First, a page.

30. VOIP service flow allocation • The opposite case – • when the aggregate of the CIR requested by VoIP sub-scribers exceeds Rmax • RBE (bit/s) - BE Service Rate. • BS can provide to the m-th TCP service flow • RTCP(m) be the service rate that the BS can provide to the m-th TCP service flow. • RRT (bit/s) - Real Time (RT) Service Rate. • usual assumption is that the BE flows are TCP friendly • RVoIP(m) is the service rate that the BS provides to the m-th VoIP service flow • Ntot - total number of downstream service flows • consisting of NVoIP(VoIP flows) and NTCP(TCP persistent connection). • WiMAX network is deterministically lower than Rmax (no congestion occurs). 1. 將的資源優先分配給較高property的 voice service flow 2. 若在BS busy的狀態下 ,VOIP signaling (BE property的 service)無法搶得BS資源. 3. BE service的property的最低, RTCP使用RVoIP剩下的資源後的BS資源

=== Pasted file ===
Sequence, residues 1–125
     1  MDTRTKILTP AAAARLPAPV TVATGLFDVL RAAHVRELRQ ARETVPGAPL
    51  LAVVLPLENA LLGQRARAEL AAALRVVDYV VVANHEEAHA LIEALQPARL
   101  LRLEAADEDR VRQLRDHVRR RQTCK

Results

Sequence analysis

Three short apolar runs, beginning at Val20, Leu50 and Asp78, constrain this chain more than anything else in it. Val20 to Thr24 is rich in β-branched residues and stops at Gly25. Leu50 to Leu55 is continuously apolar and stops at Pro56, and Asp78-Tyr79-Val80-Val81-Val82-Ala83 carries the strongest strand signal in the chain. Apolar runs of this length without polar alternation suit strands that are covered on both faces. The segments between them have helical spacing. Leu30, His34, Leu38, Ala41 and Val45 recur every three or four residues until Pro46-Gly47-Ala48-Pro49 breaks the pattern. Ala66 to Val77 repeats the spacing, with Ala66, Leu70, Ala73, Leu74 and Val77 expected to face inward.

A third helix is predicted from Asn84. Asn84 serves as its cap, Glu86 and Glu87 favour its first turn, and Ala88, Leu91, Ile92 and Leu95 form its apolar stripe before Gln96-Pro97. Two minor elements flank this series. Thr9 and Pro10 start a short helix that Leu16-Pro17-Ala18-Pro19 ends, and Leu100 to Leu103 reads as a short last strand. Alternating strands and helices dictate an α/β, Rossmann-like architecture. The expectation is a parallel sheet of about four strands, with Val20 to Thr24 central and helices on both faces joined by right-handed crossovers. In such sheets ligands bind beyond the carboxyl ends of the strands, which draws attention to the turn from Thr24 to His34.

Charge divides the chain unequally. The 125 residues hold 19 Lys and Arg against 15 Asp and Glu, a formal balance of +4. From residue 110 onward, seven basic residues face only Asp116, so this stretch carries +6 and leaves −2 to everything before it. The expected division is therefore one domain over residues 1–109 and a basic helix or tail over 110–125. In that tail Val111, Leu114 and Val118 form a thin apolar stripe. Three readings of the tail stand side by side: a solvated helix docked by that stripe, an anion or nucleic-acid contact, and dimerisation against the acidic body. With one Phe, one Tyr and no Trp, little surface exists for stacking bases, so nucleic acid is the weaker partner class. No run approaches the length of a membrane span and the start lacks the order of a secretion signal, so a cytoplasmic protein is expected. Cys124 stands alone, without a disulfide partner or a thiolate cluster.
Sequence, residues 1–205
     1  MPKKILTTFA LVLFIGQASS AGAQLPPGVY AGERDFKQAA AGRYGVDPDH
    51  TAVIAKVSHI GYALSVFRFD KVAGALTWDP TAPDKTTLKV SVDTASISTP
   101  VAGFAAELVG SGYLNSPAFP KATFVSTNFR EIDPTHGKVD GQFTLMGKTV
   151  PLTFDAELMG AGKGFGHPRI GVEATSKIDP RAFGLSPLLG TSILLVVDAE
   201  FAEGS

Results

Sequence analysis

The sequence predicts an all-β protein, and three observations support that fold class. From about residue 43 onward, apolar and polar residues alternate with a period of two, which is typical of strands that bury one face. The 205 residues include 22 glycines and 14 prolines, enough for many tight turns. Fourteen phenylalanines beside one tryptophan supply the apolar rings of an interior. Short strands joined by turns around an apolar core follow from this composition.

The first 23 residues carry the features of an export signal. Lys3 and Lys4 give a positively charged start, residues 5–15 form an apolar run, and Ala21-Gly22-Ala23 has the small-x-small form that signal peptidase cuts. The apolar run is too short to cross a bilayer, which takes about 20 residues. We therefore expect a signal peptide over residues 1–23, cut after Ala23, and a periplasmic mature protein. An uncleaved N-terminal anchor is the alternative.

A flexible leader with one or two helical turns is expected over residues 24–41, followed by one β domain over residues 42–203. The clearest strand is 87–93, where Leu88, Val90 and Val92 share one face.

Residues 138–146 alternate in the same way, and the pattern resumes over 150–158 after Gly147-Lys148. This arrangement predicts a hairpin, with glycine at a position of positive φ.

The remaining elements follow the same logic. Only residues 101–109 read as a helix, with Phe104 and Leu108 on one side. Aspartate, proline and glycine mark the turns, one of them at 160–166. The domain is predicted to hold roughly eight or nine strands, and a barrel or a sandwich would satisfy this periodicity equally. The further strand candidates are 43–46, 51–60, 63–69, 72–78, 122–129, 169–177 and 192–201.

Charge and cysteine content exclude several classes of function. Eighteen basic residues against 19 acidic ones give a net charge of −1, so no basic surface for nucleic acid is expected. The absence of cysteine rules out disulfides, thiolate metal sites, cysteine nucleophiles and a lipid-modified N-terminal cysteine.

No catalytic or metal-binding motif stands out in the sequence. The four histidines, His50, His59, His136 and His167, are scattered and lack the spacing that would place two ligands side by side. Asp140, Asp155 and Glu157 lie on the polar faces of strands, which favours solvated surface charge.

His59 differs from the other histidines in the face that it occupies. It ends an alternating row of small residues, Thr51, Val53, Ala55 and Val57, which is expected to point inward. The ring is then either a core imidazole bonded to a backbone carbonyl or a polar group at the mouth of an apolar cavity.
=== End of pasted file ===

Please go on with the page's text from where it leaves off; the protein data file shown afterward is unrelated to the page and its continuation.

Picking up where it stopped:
31. Performance evaluationof WiMAX under VoIP Traffic • Deployed in Turin, Italy, within the national experimentation on WiMAX coordinated by Fondazione Ugo Bordoni (http://wimax.fub.it). • The distance between the BS and SS1, SS2 and SS3 is 8.4 km, 8.5 km and 13.7 km, respectively. • The equipment operates using a 3.5 MHz wide channel in FDD mode, The SSs work in under FDD half-duplex mode. 64 QAM, for each connection. • The average signal-to-noise ratio is above 30 dB. • All nodes run Linux with a 2.4 kernel.

  32. Performance evaluationof WiMAX under VoIP Traffic • VoIP codecs feed RTP packet flows and three commonly used codecs (G.711,G.729.2 and G.723.1) • rtPS services are used forVoIP connections. • TCP-controlled traffic is mapped in the BE class.

  33. Packet loss rate of VoIP flows per SS using different codecs

  34. Average Delay vs Number of SS VoIP flows G.729.2 packet generation rate, coupled to the large overhead of packet headers of the RTP/UDP/IP/MAC protocol stack (45% for the G.729.2).